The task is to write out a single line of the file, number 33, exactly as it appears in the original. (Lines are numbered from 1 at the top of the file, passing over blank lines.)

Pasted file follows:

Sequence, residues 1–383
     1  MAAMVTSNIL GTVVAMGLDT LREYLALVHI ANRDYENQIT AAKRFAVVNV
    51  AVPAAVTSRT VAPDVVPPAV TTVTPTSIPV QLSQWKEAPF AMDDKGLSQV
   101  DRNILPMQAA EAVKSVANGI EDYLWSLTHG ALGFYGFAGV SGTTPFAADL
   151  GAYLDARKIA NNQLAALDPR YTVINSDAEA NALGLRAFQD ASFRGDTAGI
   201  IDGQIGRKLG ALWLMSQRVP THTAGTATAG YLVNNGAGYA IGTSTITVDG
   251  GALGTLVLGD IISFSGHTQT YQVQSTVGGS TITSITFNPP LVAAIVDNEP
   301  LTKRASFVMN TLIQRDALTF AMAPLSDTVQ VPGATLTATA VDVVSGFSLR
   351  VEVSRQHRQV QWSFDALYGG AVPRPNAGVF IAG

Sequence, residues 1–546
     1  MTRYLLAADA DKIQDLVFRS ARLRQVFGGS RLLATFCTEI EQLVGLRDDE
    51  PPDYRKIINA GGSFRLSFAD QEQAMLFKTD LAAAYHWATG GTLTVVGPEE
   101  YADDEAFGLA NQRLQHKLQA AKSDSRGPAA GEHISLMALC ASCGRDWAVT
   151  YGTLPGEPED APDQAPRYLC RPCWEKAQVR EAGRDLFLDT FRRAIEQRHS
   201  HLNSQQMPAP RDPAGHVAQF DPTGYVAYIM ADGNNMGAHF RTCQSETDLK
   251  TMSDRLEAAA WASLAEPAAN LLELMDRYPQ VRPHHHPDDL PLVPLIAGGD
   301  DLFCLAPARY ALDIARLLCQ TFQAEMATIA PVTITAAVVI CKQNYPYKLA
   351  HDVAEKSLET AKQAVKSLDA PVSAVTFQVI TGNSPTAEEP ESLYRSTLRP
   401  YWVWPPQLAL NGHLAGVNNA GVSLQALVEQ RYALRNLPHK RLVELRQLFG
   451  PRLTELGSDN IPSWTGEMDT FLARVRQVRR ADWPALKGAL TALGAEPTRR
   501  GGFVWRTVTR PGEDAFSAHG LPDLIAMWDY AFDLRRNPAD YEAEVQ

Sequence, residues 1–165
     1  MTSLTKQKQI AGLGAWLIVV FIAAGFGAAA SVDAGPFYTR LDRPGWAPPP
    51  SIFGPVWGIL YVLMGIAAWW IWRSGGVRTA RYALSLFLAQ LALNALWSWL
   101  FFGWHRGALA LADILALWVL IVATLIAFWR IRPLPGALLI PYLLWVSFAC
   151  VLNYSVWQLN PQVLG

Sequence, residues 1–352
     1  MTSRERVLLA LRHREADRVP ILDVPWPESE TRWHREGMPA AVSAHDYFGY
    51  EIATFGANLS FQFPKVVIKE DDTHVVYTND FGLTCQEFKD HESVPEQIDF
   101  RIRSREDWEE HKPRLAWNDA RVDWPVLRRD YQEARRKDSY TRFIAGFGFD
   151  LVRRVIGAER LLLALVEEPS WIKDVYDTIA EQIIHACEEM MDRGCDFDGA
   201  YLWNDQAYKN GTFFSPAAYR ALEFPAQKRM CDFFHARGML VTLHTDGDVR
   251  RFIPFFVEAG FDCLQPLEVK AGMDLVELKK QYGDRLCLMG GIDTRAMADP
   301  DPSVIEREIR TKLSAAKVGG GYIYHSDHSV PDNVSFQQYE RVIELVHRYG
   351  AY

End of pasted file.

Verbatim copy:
   251  RFIPFFVEAG FDCLQPLEVK AGMDLVELKK QYGDRLCLMG GIDTRAMADP